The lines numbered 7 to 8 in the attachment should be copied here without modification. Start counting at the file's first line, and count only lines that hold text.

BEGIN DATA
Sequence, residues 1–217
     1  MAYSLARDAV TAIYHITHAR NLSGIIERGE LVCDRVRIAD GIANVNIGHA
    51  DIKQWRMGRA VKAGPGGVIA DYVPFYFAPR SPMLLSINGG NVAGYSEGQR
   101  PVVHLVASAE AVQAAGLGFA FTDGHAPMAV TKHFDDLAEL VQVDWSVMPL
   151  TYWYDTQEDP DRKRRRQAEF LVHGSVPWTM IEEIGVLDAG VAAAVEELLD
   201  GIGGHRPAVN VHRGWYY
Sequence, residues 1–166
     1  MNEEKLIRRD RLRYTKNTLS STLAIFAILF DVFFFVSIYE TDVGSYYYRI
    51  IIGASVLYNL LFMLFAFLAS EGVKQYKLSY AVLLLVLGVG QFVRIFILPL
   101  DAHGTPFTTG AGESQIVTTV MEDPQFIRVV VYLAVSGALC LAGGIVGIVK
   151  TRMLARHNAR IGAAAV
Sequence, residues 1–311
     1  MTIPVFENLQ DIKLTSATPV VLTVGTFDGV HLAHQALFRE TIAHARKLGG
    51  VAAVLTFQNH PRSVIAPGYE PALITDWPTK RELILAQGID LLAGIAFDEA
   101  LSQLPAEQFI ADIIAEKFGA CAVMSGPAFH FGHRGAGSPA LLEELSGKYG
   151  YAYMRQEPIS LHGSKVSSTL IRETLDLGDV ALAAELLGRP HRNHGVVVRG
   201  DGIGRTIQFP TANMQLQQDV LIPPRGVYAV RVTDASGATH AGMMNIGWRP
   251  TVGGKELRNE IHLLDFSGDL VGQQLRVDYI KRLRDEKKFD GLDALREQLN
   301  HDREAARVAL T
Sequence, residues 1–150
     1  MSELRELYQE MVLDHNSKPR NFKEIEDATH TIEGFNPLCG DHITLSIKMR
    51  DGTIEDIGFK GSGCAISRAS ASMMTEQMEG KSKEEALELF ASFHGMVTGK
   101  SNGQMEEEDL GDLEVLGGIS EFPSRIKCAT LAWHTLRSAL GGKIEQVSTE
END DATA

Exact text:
Sequence, residues 1–166
     1  MNEEKLIRRD RLRYTKNTLS STLAIFAILF DVFFFVSIYE TDVGSYYYRI